Трето: осигуряване на наследник а ла Елцин

Най-важното в ситуацията, в която Борисов се намира, е осигуряването на наследник, който би уважавал договорките му: както Елцин си осигури удобен за него президент след оставката си в края на 1999 година. Тъй като договорките на Борисов са основно с ДПС, най-логично би било неговият наследник да е приемлив и за Движението. Затова и ДПС предложиха идеята за "експертно правителство", съставено от сегашното парламентарно мнозинство.

Този вариант е удобен за ДПС, но е високо рисков за Борисов. Първо, той ще трябва да изконсумира политическите негативи на оставката си, което допълнително ще ерозира подкрепата за ГЕРБ на следващите избори. Второ, ДПС е свикнало да дърпа управленските конци от втора линия, но ГЕРБ не може да си позволи същото: в крайна сметка едно "експертно правителство" отново ще се пише основно на сметката на ГЕРБ. И трето, за всички ще стане още по-ясно, че ГЕРБ и ДПС са политически тандем, качен на "експертно" правителствено колело.

Още по-важно е обаче как наследяването на властта ще протече в ГЕРБ. Оттеглянето на Борисов като премиер може да го остави начело на партията, но все пак той трябва да мисли и за наследници в нея. А специфичният му стил на управление не даде възможност за естествена конкуренция и налагане на нови лица.

Четвърто: опазване на наследството и имунитет а ла Пиночет

Борисов е амбициозен човек, който ще остави следа в българската история. Въпросът е обаче с какъв знак ще бъде тази следа. Всекидневните му турове из страната целят да го утвърдят като строител на съвременна България. Същевременно обаче през последните месеци се налага като доминиращ друг негов, далеч по-негативен образ: на патрона на едно управление, което е довело до пленяване на държавата от концентрирани частни интереси.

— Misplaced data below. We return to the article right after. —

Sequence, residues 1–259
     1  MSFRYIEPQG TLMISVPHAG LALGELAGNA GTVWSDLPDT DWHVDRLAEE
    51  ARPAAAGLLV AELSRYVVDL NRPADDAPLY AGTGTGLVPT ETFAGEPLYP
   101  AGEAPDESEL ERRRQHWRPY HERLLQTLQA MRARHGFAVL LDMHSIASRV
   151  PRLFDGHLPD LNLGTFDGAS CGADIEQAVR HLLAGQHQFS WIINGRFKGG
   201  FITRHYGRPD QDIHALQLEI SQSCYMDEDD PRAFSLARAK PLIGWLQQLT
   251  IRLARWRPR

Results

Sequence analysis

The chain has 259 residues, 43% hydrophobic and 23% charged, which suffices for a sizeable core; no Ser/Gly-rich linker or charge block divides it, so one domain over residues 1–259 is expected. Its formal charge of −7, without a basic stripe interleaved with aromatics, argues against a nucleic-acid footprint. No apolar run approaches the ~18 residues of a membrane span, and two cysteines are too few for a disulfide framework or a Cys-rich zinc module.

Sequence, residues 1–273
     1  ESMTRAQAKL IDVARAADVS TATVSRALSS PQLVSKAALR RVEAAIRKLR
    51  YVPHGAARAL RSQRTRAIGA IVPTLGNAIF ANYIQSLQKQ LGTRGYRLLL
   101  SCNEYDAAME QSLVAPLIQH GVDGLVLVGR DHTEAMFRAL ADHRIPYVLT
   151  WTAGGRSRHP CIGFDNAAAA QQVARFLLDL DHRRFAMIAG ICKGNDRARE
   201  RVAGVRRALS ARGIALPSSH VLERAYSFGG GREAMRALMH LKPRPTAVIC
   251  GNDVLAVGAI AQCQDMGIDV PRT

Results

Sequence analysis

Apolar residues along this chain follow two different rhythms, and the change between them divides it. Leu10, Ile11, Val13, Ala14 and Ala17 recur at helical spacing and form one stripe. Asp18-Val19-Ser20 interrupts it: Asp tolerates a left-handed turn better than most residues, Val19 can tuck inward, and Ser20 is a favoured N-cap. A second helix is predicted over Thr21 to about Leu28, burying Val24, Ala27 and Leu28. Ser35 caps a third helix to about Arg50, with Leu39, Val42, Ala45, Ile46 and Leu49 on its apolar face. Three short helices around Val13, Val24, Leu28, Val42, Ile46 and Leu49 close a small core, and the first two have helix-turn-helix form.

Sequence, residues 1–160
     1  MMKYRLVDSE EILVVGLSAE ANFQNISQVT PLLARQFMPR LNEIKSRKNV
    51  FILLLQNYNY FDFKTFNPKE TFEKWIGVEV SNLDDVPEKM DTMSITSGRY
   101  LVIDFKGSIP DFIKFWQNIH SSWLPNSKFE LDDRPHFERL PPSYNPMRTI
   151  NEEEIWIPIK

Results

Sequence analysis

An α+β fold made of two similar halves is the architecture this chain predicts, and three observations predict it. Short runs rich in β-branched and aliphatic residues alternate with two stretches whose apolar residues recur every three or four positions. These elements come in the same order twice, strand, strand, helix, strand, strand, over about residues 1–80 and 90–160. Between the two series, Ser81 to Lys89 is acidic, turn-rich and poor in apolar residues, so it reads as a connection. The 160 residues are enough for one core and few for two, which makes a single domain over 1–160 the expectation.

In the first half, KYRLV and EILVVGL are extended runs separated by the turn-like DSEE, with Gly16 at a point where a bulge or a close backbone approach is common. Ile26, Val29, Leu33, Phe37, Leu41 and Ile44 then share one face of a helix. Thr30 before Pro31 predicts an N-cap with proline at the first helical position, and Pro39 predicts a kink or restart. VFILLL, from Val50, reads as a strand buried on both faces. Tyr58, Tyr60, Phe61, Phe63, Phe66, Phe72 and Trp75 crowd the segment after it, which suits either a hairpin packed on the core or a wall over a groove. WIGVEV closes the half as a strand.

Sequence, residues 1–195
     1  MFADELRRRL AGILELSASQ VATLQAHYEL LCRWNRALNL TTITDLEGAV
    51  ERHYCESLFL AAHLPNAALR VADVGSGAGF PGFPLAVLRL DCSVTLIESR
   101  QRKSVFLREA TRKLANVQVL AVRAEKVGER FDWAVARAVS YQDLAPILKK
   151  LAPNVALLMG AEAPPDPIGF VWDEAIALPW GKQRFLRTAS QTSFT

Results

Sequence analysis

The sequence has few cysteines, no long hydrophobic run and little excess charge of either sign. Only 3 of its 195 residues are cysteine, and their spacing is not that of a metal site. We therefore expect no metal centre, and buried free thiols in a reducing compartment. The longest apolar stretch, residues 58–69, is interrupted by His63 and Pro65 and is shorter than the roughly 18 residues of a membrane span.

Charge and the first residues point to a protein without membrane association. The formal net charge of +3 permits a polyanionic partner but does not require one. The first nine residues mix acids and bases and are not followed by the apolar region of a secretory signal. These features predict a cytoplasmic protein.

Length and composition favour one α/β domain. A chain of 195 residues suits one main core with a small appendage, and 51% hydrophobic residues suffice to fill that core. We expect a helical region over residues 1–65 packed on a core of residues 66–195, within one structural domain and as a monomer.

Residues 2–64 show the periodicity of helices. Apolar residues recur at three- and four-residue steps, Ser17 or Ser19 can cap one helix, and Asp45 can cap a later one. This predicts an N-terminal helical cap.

Борисов винаги е разчитал на медиите на ДПС за създаването, поддържането и освежаването на собствената си харизма. Това е обаче поръчка, а не работа по убеждение. След оттеглянето му като премиер не е изключено тези медии да се обърнат на 180 градуса, както през пролетта на 2013 година. А и днешните протести доказаха, че медиите на ДПС не могат да диктуват общественото мнение. Оставайки още на власт, Борисов рискува не само ерозия на електоралната подкрепа, но и затвърждаване на силно негативен свой образ не само в общественото съзнание в България, но и сред публичността в Европа.

А страхът, с който Борисов подхожда към главния прокуро Иван Гешев, както и липсата на каквато и да е премиерска критика към дейността на прокуратурата (при очевидни проблеми там) също издават надеждата на Борисов да се сдобие с де факто имунитет по модела на авторитарни лидери след тяхното оттегляне. Както демонстрира обаче и казусът с Пиночет, това е много рискова стратегия. А и при нас такъв "имунитет" би разчитал на някакви вътрешнополитически договорки и не би имал никаква стойност в наднационален съюз като ЕС.

Борисов има полезен ход

Поради невъзможността някоя от горепосочените стратегии да проработи, Борисов просто отлага неизбежното. Но ако иска да бъде повече като Меркел, а не като Лукашенко, той все още има един полезен ход: да даде обяснения за корупционните скандали и да застане с открито лице на едни нови избори, където да търси продължение на собствената си политическа линия и нова легитимност - за ГЕРБ и за себе си.

И колкото по-рано го направи, толкова по-добре. Всички други варианти са със силен привкус на политически и личностен провал.

Участие в БНТ (Георги Любенов)

Лятото на недоволството и горещата политическа есен


Лятото на недоволството и горещата политическа есен. Какво постигна и ще постигне протестът? Коментар на Валерия Велева, Даниел Смилов и Димитър Ганев.

Линк с видео:https://bnt.bg/news/lyatoto-na-nedovolstvoto-i-goreshtata-politicheska-esen-v270130-282074news.html

Daniel Smilov cited by Financial Times

"Daniel Smilov, an analyst at the Centre for Liberal Strategies in Sofia, said Gerb’s constitutional manoeuvring would only make the protesters more determined. The recent scandals “are graphic examples of what people see as high-level corruption”, he said. “None has been properly investigated, leaving many with the feeling that Mr Geshev has served to cover up such misdeeds.”

Borisov under fire as Bulgarians lose patience with failures on graft


Protests intensify as tens of thousands demand prime minister’s resignation An anti-corruption protester confronts police in Sofia. Bulgaria is ranked lowest of the 27 EU states in Transparency International’s 2019 corruption perceptions index 

 Kerin Hope in Athens and Theo Troev in Sofia SEPTEMBER 6 2020